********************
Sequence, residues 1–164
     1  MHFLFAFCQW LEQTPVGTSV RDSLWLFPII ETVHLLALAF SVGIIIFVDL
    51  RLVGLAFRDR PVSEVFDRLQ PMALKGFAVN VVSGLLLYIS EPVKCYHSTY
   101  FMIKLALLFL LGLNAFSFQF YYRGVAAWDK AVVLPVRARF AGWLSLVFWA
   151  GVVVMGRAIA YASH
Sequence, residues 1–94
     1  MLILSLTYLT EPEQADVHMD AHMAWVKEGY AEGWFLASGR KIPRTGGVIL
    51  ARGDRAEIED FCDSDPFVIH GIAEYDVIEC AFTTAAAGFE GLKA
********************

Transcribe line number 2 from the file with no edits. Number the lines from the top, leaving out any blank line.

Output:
     1  MHFLFAFCQW LEQTPVGTSV RDSLWLFPII ETVHLLALAF SVGIIIFVDL